This article explores the account of international hospitality found in the natural law tradition from Vitoria to Kant. Rather than limit itself to intellectual history, the focus here is on a more enduring theme: the double-bind of hospitality which the natural lawyers encountered in seeking to find a place for the welcome of the foreigner in the ‘law of nations’. Although these thinkers agreed on a natural right of communication, this proved destabilising, even destructive, of the property claims by which hosts establish their domain as properly theirs in the first place. All struggled with this double-bind, though this took different forms, from the concern that the law of hospitality might thereby justify colonial appropriation to fears for how it could threaten sovereignty. Two thinkers arguably find a way out of the double-bind of right of communication-right of property in hospitality, but sacrifice the law of hospitality in the process: Pufendorf, subordinating communication to property, turns hospitality into charity and thereby effectively denies it status as a law of nature; Kant, putting communication first, makes hospitality a matter of right, not philanthropy, but also sees it as instrumental to the development of a global civil condition, where it would be redundant.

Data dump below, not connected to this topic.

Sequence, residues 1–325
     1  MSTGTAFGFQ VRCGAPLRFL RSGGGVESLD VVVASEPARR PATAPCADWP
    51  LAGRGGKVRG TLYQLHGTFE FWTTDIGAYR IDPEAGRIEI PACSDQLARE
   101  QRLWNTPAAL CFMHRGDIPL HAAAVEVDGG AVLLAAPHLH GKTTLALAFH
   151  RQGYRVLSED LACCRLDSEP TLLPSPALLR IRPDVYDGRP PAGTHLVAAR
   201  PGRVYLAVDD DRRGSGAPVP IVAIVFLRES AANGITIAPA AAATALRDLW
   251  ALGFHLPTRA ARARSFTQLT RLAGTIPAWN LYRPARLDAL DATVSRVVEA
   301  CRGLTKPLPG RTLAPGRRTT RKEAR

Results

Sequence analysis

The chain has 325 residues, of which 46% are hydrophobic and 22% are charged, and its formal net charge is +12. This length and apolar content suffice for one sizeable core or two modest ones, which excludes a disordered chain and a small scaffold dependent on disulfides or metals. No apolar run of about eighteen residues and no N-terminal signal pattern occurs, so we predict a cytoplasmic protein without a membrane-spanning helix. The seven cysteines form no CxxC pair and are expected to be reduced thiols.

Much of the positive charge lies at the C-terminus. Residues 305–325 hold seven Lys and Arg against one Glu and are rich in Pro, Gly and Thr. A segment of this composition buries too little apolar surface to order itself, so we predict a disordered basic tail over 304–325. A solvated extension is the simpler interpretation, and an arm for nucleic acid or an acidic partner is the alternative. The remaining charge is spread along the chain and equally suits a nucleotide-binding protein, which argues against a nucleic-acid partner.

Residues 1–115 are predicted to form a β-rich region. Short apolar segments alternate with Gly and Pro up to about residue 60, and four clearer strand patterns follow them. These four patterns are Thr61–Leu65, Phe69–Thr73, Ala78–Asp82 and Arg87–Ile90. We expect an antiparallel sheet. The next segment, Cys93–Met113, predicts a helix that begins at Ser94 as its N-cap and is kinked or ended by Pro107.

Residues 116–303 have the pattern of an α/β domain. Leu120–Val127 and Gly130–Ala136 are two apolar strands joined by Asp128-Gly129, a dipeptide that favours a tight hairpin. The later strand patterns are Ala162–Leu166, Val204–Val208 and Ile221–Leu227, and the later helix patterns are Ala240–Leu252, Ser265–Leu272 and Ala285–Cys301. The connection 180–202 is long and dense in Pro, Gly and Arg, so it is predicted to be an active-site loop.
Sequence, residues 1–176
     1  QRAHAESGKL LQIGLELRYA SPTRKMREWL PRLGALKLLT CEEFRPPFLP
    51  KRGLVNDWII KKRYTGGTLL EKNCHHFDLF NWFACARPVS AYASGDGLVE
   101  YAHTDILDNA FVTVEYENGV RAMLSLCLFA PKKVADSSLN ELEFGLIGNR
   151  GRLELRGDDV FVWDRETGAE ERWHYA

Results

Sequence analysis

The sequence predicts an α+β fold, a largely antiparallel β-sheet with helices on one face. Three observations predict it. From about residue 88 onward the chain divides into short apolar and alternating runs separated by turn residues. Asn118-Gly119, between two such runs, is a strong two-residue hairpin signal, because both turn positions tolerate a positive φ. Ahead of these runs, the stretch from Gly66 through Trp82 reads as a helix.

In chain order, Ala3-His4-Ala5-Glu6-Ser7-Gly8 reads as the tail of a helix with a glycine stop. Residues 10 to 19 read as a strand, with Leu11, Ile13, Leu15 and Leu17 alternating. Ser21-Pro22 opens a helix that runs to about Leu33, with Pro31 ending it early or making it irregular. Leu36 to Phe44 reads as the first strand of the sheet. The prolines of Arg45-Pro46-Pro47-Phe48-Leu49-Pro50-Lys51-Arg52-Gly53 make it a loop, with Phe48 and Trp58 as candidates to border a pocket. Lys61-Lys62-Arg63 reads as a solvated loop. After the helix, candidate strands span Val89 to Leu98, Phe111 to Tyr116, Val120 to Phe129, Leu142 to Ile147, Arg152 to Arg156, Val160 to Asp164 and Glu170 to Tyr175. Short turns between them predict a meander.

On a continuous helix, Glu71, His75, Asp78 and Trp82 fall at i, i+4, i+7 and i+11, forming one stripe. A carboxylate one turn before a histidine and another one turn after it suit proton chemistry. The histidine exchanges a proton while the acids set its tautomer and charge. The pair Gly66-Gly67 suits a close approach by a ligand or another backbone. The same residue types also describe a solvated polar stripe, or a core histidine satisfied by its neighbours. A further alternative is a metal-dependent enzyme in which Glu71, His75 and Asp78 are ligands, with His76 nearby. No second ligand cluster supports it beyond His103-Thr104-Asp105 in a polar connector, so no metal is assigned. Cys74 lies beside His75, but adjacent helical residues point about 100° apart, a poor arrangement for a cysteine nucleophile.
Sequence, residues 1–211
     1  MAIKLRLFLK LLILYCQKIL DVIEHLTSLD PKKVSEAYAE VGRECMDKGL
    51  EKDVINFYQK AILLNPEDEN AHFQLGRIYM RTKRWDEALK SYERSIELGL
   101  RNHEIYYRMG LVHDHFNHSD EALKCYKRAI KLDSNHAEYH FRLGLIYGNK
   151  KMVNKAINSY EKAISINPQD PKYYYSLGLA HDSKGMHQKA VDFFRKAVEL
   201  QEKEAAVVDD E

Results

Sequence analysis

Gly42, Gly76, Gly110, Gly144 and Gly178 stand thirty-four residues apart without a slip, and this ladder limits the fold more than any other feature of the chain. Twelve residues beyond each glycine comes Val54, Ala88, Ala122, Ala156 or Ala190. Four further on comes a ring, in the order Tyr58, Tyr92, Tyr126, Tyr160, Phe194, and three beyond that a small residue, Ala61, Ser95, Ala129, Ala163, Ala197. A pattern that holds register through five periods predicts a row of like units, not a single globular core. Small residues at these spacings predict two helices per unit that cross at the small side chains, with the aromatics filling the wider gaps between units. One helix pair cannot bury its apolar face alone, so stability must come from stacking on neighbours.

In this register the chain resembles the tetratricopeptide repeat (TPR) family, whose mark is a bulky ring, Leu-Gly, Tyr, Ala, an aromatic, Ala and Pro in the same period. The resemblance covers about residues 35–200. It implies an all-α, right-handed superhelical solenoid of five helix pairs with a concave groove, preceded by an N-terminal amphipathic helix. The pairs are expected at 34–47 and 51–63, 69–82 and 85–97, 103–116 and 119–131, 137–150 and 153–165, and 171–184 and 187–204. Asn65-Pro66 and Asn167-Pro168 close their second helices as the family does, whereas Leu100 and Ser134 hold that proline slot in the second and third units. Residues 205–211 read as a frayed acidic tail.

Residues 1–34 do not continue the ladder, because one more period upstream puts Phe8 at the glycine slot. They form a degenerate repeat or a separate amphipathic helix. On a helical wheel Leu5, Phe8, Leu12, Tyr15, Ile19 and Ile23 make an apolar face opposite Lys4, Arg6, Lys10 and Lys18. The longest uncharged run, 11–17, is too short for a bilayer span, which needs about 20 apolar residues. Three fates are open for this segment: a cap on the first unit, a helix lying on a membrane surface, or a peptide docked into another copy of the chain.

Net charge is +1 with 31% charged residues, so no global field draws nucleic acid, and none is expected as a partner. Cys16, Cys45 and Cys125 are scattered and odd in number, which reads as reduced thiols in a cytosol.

(Online publication November 29 2010)
Gideon Baker is Senior Lecturer in Politics and Public Policy at Griffith University, Queensland, Australia. His has published on various themes in international political theory, most recently on the ethics of hospitality. On this topic his Politicizing Ethics in International Relations: Cosmopolitanism as Hospitality is forthcoming with Routledge.
* I would like to thank Georg Cavaller, Richard Devetak and Ian Hunter for their invaluable feedback on earlier versions of this article. Though none of them would read the law of nature and nations as I do here, I am very grateful for their constructive criticisms. Thanks also to two anonymous reviewers for their insightful comments.